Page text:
BANGKOK (BLOOMBERG, THE NATION/ASIA NEWS NETWORK) - Thailand's plan to reopen the tourist haven of Phuket could become a model for other vacation hotspots in Asia to prise open their borders for visitors, according to the founder of Banyan Tree Holdings, despite local medical experts warning of the spread of Covid-19 variants on the island.
Tourism-reliant Thailand aims to allow quarantine-free travel to its prime destination from July 1 for the first time in more than a year, provided visitors are inoculated against Covid-19 and aren't coming from high-risk countries.
The so-called Phuket Sandbox plan is dependent on the vaccination rate among the island's residents hitting at least 70 per cent. It currently stands at about 60 per cent, far higher than the 5 per cent nationwide, after a concerted push to get locals vaccinated.
"Every government is beginning to feel around on how to open up, and the Phuket Sandbox is really a viable way now because even the travel bubbles that people talked about didn't take place," Banyan Tree executive chairman Ho Kwon Ping said in an interview Monday.
"It's the first time anywhere east of the Maldives that you have a country with this population size with such a low vaccination rate actually opening up to the rest of the world."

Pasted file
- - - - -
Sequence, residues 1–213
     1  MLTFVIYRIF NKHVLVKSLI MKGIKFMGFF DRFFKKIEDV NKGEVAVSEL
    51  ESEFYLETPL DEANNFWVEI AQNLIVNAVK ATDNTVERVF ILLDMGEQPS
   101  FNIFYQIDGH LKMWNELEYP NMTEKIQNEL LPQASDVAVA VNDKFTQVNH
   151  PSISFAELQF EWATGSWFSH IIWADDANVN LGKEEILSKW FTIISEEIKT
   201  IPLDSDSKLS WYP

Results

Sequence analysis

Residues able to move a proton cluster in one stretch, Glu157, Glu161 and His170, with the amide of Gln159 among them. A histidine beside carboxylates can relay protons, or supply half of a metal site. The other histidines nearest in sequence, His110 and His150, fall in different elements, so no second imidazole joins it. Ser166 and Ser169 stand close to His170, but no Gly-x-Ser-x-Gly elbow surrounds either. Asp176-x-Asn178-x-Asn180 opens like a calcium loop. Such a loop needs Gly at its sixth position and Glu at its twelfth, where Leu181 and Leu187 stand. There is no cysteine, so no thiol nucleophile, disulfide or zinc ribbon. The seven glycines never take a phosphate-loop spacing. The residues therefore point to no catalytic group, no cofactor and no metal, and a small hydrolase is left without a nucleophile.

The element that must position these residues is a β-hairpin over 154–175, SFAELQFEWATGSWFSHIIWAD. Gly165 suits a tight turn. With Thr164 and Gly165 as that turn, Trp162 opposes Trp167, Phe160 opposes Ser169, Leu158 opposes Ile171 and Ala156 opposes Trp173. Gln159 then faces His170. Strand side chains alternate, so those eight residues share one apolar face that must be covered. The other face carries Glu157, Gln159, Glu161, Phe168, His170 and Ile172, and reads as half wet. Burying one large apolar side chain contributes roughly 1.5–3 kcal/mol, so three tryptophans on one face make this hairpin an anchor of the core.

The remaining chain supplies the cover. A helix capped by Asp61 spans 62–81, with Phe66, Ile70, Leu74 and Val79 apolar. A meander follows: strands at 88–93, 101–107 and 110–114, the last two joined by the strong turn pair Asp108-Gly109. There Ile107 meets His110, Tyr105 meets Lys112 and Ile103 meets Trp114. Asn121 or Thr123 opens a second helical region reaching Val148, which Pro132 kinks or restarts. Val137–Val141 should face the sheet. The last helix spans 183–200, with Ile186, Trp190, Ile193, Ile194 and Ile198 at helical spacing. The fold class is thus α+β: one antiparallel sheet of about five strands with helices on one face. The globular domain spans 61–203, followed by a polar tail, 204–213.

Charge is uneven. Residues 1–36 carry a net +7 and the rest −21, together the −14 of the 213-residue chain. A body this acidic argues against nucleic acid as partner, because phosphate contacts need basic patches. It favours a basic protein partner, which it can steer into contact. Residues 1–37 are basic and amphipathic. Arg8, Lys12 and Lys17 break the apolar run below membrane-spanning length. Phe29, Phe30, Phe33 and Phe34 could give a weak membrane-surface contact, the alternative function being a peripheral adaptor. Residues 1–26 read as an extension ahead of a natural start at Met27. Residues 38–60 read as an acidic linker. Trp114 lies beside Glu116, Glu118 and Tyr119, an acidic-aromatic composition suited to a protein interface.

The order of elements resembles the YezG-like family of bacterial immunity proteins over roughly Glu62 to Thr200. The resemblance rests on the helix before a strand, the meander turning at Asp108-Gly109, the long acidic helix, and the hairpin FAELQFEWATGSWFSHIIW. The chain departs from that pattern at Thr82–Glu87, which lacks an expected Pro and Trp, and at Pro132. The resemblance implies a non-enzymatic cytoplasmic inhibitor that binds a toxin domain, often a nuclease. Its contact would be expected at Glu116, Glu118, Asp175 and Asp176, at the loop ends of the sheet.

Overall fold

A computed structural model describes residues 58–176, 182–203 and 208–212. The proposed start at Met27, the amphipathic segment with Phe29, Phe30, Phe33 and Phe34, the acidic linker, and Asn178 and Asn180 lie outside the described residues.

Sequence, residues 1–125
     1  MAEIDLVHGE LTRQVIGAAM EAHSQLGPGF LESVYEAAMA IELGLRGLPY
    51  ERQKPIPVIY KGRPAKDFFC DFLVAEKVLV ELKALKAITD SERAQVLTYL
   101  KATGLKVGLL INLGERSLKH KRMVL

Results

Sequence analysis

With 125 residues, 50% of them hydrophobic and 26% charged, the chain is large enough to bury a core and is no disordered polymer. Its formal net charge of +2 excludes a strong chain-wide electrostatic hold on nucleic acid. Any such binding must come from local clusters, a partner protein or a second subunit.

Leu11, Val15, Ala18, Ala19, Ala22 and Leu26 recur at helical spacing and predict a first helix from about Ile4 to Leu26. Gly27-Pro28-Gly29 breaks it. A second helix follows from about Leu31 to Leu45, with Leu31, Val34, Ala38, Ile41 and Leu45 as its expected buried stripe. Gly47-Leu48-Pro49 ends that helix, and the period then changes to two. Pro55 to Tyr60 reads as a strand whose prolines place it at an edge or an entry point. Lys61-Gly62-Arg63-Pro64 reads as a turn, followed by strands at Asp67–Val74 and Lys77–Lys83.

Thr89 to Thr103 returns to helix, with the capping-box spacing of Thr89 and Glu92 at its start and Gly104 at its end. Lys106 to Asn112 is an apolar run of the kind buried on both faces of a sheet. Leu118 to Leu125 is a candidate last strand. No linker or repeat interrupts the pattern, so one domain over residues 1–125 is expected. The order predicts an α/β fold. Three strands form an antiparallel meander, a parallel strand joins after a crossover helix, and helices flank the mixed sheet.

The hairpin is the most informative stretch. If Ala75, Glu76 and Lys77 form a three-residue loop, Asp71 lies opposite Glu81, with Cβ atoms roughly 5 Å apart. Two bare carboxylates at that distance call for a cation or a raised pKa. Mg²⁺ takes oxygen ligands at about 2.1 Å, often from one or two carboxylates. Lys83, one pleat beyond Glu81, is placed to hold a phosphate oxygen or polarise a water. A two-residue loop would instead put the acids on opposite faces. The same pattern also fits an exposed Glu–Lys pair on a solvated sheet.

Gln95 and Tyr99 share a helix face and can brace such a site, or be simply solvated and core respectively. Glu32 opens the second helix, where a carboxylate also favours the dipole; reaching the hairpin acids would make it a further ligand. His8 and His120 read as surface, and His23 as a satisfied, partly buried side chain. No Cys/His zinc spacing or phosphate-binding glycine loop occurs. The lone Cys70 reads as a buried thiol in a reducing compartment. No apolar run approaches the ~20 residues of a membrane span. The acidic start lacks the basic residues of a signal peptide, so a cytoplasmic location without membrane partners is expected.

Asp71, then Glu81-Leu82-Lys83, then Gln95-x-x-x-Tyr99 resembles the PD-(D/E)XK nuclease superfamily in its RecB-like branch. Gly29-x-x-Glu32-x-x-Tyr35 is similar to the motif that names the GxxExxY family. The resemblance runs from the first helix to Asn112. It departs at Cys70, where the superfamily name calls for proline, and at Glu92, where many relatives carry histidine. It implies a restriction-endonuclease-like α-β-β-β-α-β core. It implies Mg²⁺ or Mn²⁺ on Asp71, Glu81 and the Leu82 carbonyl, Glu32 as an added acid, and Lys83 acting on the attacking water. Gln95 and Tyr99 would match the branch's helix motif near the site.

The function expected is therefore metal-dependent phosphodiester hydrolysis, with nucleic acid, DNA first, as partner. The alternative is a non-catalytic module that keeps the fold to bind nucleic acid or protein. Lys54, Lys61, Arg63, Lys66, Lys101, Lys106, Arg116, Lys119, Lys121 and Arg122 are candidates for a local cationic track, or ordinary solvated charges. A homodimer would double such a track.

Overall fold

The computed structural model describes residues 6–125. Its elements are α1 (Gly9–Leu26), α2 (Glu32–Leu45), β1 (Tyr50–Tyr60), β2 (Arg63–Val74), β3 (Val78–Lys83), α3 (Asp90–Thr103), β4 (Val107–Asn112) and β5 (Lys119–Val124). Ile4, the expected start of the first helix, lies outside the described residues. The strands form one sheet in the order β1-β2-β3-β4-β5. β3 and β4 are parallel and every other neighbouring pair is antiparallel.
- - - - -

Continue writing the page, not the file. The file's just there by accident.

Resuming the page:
The sandbox plan has not been welcomed by all in Thailand, however. Dr Prasit Watanapa, dean of Mahidol University's Faculty of Medicine, said on Tuesday that the reopening of Phuket under the tourist sandbox scheme could make the province vulnerable to the spread of mutated Covid-19 variants.
"Personally I think it is too soon to open the country to foreign tourists as the vaccines that have been provided to locals cannot protect against every kind of virus variant," he warned.
"Furthermore, the province's disease control measures are not strict or comprehensive enough to contain the virus should a new wave emerge."
According to the Public Health Ministry, about 400,000 Phuket locals or 60 per cent of the island population have been vaccinated against Covid-19 so far.
"Take the UK for example. They opened the country and now their infection rate has climbed with new variants being discovered in the country," he said.
"The 14-day mandatory stay in Phuket might not be long enough as we do not know what the new variants are capable of. Some countries, such as China, have even increased the quarantine period to 21 days. However, extending this period could result in [more] tourists changing their minds or not visiting Phuket at all, which defeats the purpose of the campaign," Dr Prasit said.
Asia has been slow to reopen due to sluggish vaccine roll-outs. Many countries also still only allow residents to enter and enforce strict lockdowns in a bid to keep Covid cases at or close to zero.
Hong Kong and Singapore have been trying to open a quarantine-free travel corridor for months, but outbreaks have so far scuppered plans.
Meanwhile, European countries such as France and Spain are loosening restrictions faster and allowing vaccinated visitors from places as far away as New Zealand to enter without quarantine.